But if RFA player X, earning $1m this past year, dropped his offensive output by 50%, by the old CBA the owner is *forced* to make a qualifying offer of $1.1m to keep him on the team.
     
  14. isnt that what happened to anaheim last year with kariya? they decided hes no longer worth $10M/yr, so they dont renew his contract (making him a UFA), hoping he'll resign with at a lower salary. what happened? their (arguably) best player left town, sign with a conference rival, and the ducks went from a team that make the cup final to a team out of the playoff. sure, the owners arent 'forced' to make a qualifying offer, and in this case they certainly didnt, but look how successful they became.
    if only more owners exercise this 'right' they have under the old CBA, we wont have any problem :shakehead :.
     
  15. DuklaNation

    DuklaNation Registered User

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    It isnt very complicated. The owners are caught in a spiral of spending more money to try to make more money and its not working. If your cumulative net loss is $50M, do you lose more in order to chop that net loss down or not? That is the question they face.

    Some people need more business acumen. If Gordon bought the Whalers for $1, poured $100M into it, netted $20M for himself, he still loses $33M on the sale. Its not as simple as purchase price - sale price to get the difference.

    Its not unlike buying a stock on its way down in order to lower your average cost in the hopes it will rebound. Instead, the losses increase. The smart man gets out and cuts his losses early.
     
  16. Guest

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    I agree with you, but if all teams are not created equal and some teams can spend 3-4x more on salaries than other teams, the best players -- who are paid the most -- end up on the same teams and you see a top heavy league. Then the bottom of the league is forced to spend it's money on lesser players and to scrap and claw to play the game. The end result is you see half of the league with the skilled players, and the other half of the league is full of young/unproven talent coupled with players who are clutching and grabbing to keep up with the skilled players. You might see the Nashville Predators compete with the Red Wings, and other compareables, but I'm sure many teams would rather trade in their current gameplan for one that included more talented players.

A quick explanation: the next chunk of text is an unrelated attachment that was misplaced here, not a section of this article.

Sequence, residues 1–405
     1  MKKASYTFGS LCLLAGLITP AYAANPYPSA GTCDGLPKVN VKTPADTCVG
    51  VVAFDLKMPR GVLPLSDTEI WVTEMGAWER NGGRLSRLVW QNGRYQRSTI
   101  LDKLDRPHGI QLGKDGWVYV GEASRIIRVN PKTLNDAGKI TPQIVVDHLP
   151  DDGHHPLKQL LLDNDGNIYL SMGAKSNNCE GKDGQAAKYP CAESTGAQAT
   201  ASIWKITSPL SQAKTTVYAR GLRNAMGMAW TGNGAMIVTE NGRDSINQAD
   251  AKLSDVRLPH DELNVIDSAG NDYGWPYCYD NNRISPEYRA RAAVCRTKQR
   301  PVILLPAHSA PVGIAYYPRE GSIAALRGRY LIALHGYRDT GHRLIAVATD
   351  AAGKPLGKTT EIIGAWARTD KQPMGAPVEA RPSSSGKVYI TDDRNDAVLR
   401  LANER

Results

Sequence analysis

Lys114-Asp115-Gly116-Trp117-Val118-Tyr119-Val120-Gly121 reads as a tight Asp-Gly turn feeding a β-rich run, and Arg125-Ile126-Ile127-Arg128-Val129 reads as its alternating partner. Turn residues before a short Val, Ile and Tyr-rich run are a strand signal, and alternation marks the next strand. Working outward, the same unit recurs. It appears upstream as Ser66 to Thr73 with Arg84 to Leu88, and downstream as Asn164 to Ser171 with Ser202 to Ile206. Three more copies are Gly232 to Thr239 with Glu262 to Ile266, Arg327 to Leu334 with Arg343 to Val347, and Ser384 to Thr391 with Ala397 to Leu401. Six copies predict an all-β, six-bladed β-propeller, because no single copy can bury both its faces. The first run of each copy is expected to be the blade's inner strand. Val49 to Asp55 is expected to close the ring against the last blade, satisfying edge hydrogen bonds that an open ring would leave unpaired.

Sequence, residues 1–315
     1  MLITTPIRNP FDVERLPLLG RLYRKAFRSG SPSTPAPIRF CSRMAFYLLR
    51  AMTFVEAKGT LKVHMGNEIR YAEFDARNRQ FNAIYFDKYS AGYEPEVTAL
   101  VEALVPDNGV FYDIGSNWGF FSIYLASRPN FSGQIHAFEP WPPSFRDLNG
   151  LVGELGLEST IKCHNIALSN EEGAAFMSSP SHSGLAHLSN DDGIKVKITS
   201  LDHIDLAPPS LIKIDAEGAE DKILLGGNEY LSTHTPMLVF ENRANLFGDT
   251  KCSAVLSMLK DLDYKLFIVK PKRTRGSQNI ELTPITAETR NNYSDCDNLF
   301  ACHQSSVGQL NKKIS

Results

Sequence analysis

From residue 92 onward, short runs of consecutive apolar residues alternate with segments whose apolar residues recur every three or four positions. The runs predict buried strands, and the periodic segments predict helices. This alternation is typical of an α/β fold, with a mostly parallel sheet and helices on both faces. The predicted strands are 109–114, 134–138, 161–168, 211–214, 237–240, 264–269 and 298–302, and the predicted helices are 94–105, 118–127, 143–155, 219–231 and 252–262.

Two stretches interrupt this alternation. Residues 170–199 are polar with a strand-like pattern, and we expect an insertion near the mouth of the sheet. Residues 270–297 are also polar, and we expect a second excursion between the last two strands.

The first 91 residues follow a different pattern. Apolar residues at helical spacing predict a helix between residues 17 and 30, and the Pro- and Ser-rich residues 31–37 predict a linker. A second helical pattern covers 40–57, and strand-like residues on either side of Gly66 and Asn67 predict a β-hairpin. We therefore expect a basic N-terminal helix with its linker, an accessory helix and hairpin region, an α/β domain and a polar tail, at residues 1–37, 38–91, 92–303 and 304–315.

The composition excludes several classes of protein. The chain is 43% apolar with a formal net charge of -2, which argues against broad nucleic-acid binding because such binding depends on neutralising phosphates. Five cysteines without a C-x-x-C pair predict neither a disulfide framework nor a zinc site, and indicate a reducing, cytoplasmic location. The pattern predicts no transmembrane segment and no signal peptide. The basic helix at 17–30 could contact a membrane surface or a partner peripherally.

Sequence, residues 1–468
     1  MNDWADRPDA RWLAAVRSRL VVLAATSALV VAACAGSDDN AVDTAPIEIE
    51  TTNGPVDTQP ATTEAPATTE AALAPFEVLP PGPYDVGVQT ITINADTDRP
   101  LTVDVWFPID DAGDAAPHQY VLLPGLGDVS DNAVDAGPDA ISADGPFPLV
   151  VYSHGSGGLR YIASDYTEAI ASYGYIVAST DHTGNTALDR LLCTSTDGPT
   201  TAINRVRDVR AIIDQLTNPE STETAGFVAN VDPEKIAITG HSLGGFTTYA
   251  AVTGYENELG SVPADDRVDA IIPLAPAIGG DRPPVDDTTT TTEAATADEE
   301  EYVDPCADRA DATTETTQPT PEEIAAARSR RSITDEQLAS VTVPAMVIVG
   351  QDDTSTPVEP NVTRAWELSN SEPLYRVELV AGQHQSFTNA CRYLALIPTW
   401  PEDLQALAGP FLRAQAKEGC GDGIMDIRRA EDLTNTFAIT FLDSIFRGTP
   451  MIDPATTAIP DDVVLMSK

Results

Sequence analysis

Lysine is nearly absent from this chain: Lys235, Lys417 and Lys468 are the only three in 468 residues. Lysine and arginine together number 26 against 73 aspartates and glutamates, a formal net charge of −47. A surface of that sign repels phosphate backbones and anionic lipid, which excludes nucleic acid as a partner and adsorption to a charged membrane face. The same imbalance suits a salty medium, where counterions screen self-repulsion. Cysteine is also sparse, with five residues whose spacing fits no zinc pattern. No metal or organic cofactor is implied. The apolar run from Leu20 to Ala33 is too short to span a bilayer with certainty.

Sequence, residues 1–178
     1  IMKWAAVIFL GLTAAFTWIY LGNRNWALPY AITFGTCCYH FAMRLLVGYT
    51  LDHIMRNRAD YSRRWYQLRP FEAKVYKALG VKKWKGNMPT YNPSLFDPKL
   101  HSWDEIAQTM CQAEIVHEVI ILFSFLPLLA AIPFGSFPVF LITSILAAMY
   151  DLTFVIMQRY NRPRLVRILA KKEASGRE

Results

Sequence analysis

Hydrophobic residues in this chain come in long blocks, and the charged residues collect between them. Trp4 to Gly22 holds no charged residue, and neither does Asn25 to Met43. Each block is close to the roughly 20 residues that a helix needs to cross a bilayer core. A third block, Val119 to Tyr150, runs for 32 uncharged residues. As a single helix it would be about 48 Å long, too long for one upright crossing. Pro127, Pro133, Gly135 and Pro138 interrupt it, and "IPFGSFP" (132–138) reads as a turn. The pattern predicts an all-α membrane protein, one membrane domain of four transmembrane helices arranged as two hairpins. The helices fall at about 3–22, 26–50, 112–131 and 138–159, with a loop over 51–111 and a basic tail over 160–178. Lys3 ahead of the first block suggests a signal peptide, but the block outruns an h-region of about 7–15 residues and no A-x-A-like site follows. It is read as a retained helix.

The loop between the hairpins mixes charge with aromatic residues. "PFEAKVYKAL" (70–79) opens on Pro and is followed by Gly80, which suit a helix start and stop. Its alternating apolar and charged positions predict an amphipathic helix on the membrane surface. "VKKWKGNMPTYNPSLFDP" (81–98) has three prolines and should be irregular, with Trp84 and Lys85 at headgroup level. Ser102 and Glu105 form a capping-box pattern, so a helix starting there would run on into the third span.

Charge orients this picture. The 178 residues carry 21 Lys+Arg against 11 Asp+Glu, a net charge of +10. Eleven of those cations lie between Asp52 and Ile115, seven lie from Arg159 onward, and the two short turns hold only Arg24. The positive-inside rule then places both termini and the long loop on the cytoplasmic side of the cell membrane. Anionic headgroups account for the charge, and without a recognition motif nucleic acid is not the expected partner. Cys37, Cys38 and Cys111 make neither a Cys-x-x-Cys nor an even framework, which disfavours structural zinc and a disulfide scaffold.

To me, it makes no sense to see teams spending so much with the diversity they do. It wreaks of a monopoly, which has already happened in other sports (see NY Yankee's). While the monopoly doesn't always win in sport, they are generally always in the hunt. They buy their place in line, while other teams are competiting for it.

    Once again I am reminded of an expression I love, paraphrasing without credit it goes something like, "you are only as strong as your weakest link". Debate whether or not you want to eliminate the weakest links in the league, but you have to either give them more of a fighting chance, or remove them. The NHL wants to give all teams a chance, and the NHLPA is willing to remove them one might think.
     
  17. shveik

    shveik Registered User

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    Of course the teams in poorer markets would love to be on the same financial level as the big market teams. The question is, should they be subsidized in this way? And if so, who should be paying for it?

    Isn't it the case everywhere in life? Why should hockey be different? Plus, the rich teams now have two options: pocket the huge profit, or spend it trying to put competitive team on the market. With the cap they will only have only the first option. Which brings us to the next point.

    The NHL want to give the poor markets a chance, but they want the players to pay for it. Look at it this way: there is certain amount of revenue generated by hockey. The owners want to cut the salaries to the levels of the poorest team in the league. Thus, the players are paid as if there are 30 poorest teams. The other way to do it is to eliminate or move the poorest teams into better markets. Yet another way is to have revenue sharing. But of course the owners are dead set on the solution where the players are in a way subsidizing the league existance in the poorest markets :shakehead
     
  18. shveik

    shveik Registered User

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    Would not you say they are now paying for the mistake they made giving him $10mil salary in the first place?
     
  19. shveik

    shveik Registered User

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    Why should they keep him if his production dropped so much? If he is not worth 1.1m to them, they should just let him go then. :dunno: